Such lawsuit can only be prevented by paying a particular ransom. Interestingly, unlike ransomware variants seen of late, Ransoc does not do payment transactions through Bitcoins. The ransom is settled via direct credit card payments.
Researchers uncovered a new ransomware family that is distributed by the RIG-E exploit kit via malvertising. CryptoLuck (detected by Trend Micro as RANSOM_CRYPTOLUCK.A) makes use of an interesting infection routine that involves the abuse of the legitimate GoogleUpdate.exe executable as well as DLL hijacking to install the malware onto the targeted machine.
This variant also does a series of checks to see if it's being run on a virtual machine. When it does, it is capable of terminating itself. If not, it scans all known drives and even unmapped network shares to look for files to encrypt. Upon successful infiltration, filenames of the locked files will be appended with the .[victim_id]_luck. This means that a unique alphanumeric ID given to a victim will be incorporated in the new filenames of the encrypted files. For instance, an image named photo.jpg encrypted in the system of a victim with an ID of 0012A345 will have new file name photo.jpg. 0012A345_luck. It then asks for a steep ransom of 2.1 bitcoins, which amounts to more than $1,500 to be settled in a 72-hour window.
The continuing rise of new and updated variants and families shows that cybercriminals are still raking in profits. A multi-layered approach is vital to defend against ransomware. That way, all possible gateways of compromise remains intact and secure. A solid back-up of valuable files, on the other hand, mitigates the damage brought by a ransomware infection.
Trend Micro offers different solutions to protect enterprises, small businesses, and home users to help minimize the risk of getting infected by ransomware:
Enterprises can benefit from a multi-layered, step-by-step approach in order to best mitigate the risks brought by these threats. Email and web gateway solutions such as Trend Micro™ Deep Discovery™ Email Inspector and InterScan™ Web Security prevents ransomware from ever reaching end users. At the endpoint level, Trend Micro Smart Protection Suites deliver several capabilities like behavior monitoring and application control, and vulnerability shielding that minimizes the impact of this threat. Trend Micro Deep Discovery Inspector detects and blocks ransomware on networks, while Trend Micro Deep Security™ stops ransomware from reaching enterprise servers–whether physical, virtual or in the cloud.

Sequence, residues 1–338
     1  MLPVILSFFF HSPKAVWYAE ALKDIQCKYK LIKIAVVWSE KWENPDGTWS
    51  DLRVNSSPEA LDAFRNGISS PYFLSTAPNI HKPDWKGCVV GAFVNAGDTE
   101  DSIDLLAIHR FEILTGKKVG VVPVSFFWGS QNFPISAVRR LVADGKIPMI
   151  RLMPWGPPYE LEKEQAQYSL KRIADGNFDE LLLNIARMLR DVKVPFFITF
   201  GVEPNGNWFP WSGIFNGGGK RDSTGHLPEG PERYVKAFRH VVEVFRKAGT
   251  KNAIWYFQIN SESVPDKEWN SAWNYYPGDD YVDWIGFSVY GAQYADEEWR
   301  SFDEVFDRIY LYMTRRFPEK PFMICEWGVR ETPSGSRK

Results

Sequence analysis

For small businesses, Trend Micro Worry-Free Services Advanced offers cloud-based email gateway security through Hosted Email Security. Its endpoint protection also delivers several capabilities such as behavior monitoring and real-time web reputation in order detect and block ransomware.
For home users, Trend Micro Security 10 provides strong protection against ransomware by blocking malicious websites, emails, and files associated with this threat.
Users can likewise take advantage of our free tools such as the Trend Micro Lock Screen Ransomware Tool, which is designed to detect and remove screen-locker ransomware; as well as Trend Micro Crypto-Ransomware File Decryptor Tool, which can decrypt certain variants of crypto-ransomware without paying the ransom or the use of the decryption key.